Corn is a summer staple, a must at backyard barbecues, and one of the most versatile plants around. Just think of all corn gives us; tortillas, corn bread, tamales, popcorn, hush puppies, hominy grits (not my favorite but very high on some people’s list) polenta, corn pone, corn bakes, succotash, and the list goes on. Today we’ll take a look at this most versatile of grains as we enter the peak of corn season in some parts of the country.
Around 6,000 B.C. a Mexican annual grass called teosinte crossed with another wild grain and the resulting hybrid developed a small head covered with seed. Native Americans in the tehuacan Valley of Puebla, Mexico were the first to cultivate the plant around 500 years later. The plant had changed into its modern form by the time Columbus arrived 6,992 years after that.
Corn is one of the most versatile of plants so it’s no wonder it is also the most tampered with by agricultural biotechnology. Around 93% of the corn produced In the United States is genetically modified to produce its own pesticide (Bt Toxin) and to tolerate massive applications of the herbicide glyphosate. While this corn was once reserved for animal feed, processed foods, and fuel sources. In 2011 Monsanto announced plans to grow GE sweet corn on 250,000 acres, which is roughly 40%of the sweet corn market. Besides being used for frozen and canned corn products, and it is now also available fresh across the U.S. and Canada. For these reasons I only buy organic corn and corn products.
As the saying, and the song, goes corn should be as high as an elephant’s eye by the Fourth of July. The peak season for this summer staple varies depending on the region of the county but generally runs from July through October.
Sweet corn, that staple at backyard barbecues, is a natural mutation of Indian or field corn. The sugar begins turning to starch as soon as the corn is picked so for maximum sweetness you want to get the corn into the pot of water as soon after picking as possible.
Breeders developed a corn known as Xtra Sweet which slows the conversion of sugar to starch so completely it will stay sweet for two weeks after picking. However, if allowed to sit that long after picking it loses many of the enzymes that make corn taste so good, so it should still be cooked as soon as possible.
There’s another kind of sweet corn you may find in Farmer’s Markets called Triple Sweet or Sweet Breed TM. It contains standard sweet, super sweet, and Xtra Sweet kernels all on the same cob to give a sweet ear while still maintaining a good corn flavor. (Or so I’m told, I’ve not tried it myself.)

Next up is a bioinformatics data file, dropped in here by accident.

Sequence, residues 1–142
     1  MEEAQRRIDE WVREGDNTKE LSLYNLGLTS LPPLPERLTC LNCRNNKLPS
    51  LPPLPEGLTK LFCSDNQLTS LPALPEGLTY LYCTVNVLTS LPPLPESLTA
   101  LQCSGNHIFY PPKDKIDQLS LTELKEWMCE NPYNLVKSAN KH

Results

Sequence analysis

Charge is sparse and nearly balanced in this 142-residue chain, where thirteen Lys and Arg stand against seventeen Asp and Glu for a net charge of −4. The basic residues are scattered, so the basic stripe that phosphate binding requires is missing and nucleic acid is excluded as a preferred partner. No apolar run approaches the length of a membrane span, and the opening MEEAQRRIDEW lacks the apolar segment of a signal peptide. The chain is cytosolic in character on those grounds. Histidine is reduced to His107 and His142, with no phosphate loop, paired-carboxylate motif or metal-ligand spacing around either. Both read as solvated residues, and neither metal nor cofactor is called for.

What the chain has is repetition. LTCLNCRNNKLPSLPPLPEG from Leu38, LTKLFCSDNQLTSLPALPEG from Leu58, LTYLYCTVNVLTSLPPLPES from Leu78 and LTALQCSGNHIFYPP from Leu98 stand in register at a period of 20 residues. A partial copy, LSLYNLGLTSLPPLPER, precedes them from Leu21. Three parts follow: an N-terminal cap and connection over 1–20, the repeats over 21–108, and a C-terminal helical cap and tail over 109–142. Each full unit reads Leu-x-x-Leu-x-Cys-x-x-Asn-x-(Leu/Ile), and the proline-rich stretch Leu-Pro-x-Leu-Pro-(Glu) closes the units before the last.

What to Look For
Ideally, if buying at an outdoor market the corn should be iced down. When freshly cut the cut stem ends are green or whitish green. As picked corn gets older the ends become white and fibrous looking. When really old they become brown.
There is no need to strip the husks to inspect the corn. First of all you can feel though the husks when the ear is full and fat. Then you can pull the husk down far enough to reveal the very top of the ear and give it the fingernail test. Press open a kernel with your thumb nail; if the juice is clear it is too young, if the juice is milky it is just right. An old ear will have tough and dry kernels .
How to Husk the Corn
Peel the husks back to the stem end, like peeling a banana. Then grab the husks in one hand and the ear of corn in the other and twist the husks off in a breaking motion. The ears are now ready to cook in boiling water.
Preparing Corn to Grill
Remove the tough outer husks and soak the partially husked corn in cold water for about 30 minutes. This keeps the husks from drying out and burning before the corn is properly grilled.
There is nothing quite like sweet, buttery, lightly salted, corn on the cob. Somehow wouldn’t seem like summer without it. Yet as with any of summer’s bounty a little variety is welcome. Here is one of my favorite corn off the cob dishes and a wonderful side dish at barbecues. Around our house all that was required for a dish to be called Succotash was the corn and Lima beans, but some recipes include red peppers and zucchini. The name Succotash is derived from the Naragansett Indian word “msickquatash,” meaning “boiled whole ear of corn.”
A Simple Succotash
1 C Fresh Shell Lima Beans (Can substitute frozen if you can’t find fresh Lima beans)
3 Ears Corn
2 Tbl Butter
1 tsp Olive Oil
1 Clove Garlic , Crushed and Then Minced
¼ tsp Salt
¼ tsp Freshly Ground Pepper
1 Tb Finely Chopped Fresh Basil (optional but a really nice touch)
Arrange beans on steamer rack over gently boiling water. Cover and steam until tender, about 20 minutes.
Meanwhile, fill a large pot with water and bring to a boil. Drop in corn and cook for no more than 3 – 4 minutes. Drain and cool the corn slightly, until it can be handled. Cut the kernels off the cob by running a sharp knife from the pointed end to the stem end. Set aside.
Heat the butter and olive oil in a saucepan over medium-high heat. Add garlic and cook, stirring for 2-3 minutes. Add the corn, beans, salt and pepper and cook stirring frequently for 5 minutes. Stir in the basil and serve hot.
What Did I Miss?
In this post I’ve given you a little background on corn, some tips for selecting and preparing it to cook, as well as one of my favorite summer recipes. Did I miss an important tip? What is your favorite way to eat corn?
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